What is ‘AQ’ and why it matters to employers

Lydia Smith
Writer, Yahoo Finance UK
(Getty Images)

For a long time, employers relied on IQ and EQ to determine whether a potential hire would be suited to a job. While IQ refers to analytical thinking, memory and mathematical ability, our emotional quotient refers to our interpersonal and communication skills.  

In recent years, however, more attention has been given to the concept of AQ. Otherwise known as the adaptability quotient, it is a subjective metric used to measure our ability to adapt and thrive in our ever-changing working environment. 

It’s no secret that technology is changing at an exponential rate. The way we work is also evolving, with more people working remotely than ever before - particularly amid the spread of Covid-19. As a result, we are required to learn faster than ever before to adapt quickly to these changes. 

Why is AQ important? 

“Ongoing digital transformation which is sweeping across the world of work means it’s more important than ever that professionals are flexible and adaptable,” says Carmena Wood, director at the recruitment firm Hays. “If we are not proactively learning, upskilling and embracing new technology that is inevitably going to keep emerging, we won’t be able to adapt to the changes and benefits this will bring.” 

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“The world of work has evolved constantly over the years, if we think back to just ten or fifteen years ago, there was much less direct access to the internet and intuitive software to help us do our jobs,” she says. “Digital technology is having a huge impact on both society and the workplace and is generating constant change in every industry.

In addition, the growing levels of automation, adoption of artificial intelligence and introduction of robotics software across many industries is transforming the world of work. This too requires us to be adaptable and open-minded. According to a report by the McKinsey Global Institute, between 75 million and 375 million people around the world may need to change occupational categories and acquire new skills by the year 2030.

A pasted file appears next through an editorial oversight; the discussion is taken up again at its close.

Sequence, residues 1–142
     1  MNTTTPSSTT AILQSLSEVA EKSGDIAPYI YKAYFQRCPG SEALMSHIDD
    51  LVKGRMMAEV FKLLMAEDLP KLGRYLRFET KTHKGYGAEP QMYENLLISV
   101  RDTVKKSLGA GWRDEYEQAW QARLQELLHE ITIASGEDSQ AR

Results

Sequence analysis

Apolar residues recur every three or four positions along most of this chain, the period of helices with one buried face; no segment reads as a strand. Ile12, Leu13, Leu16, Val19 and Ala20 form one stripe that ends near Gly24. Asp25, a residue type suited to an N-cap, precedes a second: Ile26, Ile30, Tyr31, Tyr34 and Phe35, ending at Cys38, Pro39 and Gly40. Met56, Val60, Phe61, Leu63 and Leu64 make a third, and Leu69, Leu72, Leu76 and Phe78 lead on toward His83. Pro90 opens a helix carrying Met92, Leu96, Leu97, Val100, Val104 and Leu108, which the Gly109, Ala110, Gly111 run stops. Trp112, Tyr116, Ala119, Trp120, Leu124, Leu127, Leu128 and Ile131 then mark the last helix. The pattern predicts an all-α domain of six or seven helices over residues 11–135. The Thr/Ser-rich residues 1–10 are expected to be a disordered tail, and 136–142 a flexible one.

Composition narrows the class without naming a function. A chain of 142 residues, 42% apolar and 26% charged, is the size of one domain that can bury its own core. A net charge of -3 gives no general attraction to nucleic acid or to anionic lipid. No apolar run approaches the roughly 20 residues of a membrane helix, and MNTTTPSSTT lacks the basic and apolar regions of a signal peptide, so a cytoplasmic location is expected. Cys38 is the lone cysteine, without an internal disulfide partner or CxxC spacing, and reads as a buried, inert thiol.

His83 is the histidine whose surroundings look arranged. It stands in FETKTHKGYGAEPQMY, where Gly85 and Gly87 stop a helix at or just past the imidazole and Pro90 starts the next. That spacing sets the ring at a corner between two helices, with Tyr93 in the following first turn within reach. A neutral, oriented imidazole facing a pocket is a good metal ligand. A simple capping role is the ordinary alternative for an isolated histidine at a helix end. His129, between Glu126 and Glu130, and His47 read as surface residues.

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We are also part of an ageing workforce where our retirement age is rising and we have a more diverse group of ages working side by side. “Those who are able to adapt to working alongside colleagues across different generations will be the ones who thrive in an age-diverse world of work,” Wood adds.  

Is it possible to develop your AQ? 

Pretty much every profession will require adaptability and flexibility in the future. While your AQ may be tricky to measure in the traditional sense - compared to doing an IQ test - it is certainly something you can work on and develop, experts say. 

“Given the change that is occurring in the workplace today, I’d urge professionals to try and make themselves as adaptable as possible,” Wood says. “To achieve this, it’s important professionals push themselves out of their comfort zone and see change as an opportunity for growth and innovation. Whenever something new is proposed or put forward, embrace it, adjust the way you work, and help others in your team to do the same.” 

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First things first, it’s important to keep up-to-date with the changes in your industry. “Be aware and responsive to changes which are happening which you can find out about through LinkedIn groups, industry events, networking functions, webinars and podcasts,” she advises. “Also keeping an eye on what your organisation’s competitors are doing will help you stay on top of current trends and adapt accordingly.” 

You can also make yourself adaptable by exercising resilience, Wood adds. “If your first solution is turned down, come up with alternatives,” she explains. “Coming up with new solutions to problems will help you cope with change and grow your career every step of the way. 

“In light of the widespread change which is happening across our world of work, professionals who demonstrate that they are adaptable and open-minded will stand out to employers across industries and thrive in today’s world of work.”